Buffalo Field Campaign, which is working to stop the bison slaughter entirely, also notes that there are no cattle in West Yellowstone for most of the year, and therefore no risk of transmission. (From November to June, cattle are trucked out of the area and into milder temperatures.)
And when the bison - including calves - are herded toward the holding facilities, it may disrupt other wildlife, too. "During a typical hazing operation, the ... agencies ride noisy, smelly snowmobiles, fly helicopters, run horses, and ride ATVs throughout sensitive habitat important to numerous wildlife species," the Buffalo Field Campaign wrote. When they flee from the noise, many animals - elk, moose, swans - use up energy they can't afford to spend during a cold winter.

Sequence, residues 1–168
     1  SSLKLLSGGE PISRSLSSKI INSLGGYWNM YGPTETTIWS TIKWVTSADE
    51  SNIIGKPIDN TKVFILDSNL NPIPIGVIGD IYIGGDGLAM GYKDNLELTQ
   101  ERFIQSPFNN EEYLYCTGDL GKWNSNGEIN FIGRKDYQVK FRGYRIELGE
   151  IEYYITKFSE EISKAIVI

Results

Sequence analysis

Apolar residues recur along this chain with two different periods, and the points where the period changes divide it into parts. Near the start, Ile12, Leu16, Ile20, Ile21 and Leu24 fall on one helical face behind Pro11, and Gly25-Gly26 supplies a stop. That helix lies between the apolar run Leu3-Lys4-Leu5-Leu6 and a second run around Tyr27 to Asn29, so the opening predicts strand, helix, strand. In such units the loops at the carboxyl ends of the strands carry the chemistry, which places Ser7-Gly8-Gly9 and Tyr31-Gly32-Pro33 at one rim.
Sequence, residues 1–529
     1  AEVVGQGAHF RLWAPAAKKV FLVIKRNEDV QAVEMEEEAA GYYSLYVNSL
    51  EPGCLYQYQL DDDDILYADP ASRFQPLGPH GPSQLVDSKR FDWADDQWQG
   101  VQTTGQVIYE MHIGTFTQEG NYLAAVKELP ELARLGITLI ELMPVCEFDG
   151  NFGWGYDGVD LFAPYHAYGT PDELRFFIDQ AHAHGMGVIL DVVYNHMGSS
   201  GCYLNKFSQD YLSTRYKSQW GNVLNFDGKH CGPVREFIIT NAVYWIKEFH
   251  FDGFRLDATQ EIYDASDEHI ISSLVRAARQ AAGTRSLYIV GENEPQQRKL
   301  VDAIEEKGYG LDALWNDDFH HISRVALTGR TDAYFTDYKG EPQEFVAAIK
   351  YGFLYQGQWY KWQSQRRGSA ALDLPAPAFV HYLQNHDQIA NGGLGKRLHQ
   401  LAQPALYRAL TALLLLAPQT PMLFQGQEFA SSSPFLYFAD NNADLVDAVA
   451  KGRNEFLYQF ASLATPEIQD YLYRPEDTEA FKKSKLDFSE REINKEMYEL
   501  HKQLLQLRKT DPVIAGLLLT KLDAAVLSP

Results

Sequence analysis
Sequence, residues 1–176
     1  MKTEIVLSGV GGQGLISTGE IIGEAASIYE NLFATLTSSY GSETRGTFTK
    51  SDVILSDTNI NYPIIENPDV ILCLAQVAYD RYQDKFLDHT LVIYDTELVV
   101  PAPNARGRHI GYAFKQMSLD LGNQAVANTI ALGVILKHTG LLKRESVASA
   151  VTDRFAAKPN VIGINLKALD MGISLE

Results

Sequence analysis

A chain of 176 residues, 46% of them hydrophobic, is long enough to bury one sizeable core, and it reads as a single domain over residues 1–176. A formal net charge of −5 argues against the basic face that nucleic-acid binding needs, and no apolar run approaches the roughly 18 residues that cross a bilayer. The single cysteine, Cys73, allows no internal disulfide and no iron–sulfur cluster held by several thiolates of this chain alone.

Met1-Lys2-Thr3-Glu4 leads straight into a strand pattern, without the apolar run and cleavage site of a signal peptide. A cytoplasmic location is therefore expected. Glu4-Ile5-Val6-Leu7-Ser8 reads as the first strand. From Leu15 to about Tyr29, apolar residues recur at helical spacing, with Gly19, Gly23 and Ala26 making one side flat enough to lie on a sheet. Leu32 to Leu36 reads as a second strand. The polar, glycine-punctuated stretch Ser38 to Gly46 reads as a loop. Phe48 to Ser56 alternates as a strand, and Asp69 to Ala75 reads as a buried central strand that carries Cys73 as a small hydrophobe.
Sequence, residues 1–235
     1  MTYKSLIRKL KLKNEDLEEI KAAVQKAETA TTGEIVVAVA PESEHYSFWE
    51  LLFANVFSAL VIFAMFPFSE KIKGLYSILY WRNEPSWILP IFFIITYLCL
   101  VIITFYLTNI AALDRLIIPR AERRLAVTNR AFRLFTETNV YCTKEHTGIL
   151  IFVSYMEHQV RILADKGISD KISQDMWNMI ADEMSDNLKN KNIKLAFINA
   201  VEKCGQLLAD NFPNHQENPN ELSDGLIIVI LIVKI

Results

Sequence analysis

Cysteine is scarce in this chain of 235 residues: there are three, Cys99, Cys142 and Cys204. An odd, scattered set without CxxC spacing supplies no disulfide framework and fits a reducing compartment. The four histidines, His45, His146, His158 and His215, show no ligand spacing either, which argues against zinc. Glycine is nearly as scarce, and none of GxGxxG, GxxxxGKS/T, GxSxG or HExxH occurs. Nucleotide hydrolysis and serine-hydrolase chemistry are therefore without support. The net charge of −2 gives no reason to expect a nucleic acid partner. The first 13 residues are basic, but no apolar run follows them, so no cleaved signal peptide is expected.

Finally, there's the matter of the cull itself, details of which have been kept notably under wraps. In fact, parts of the park - public land - will be closed to the public during the event.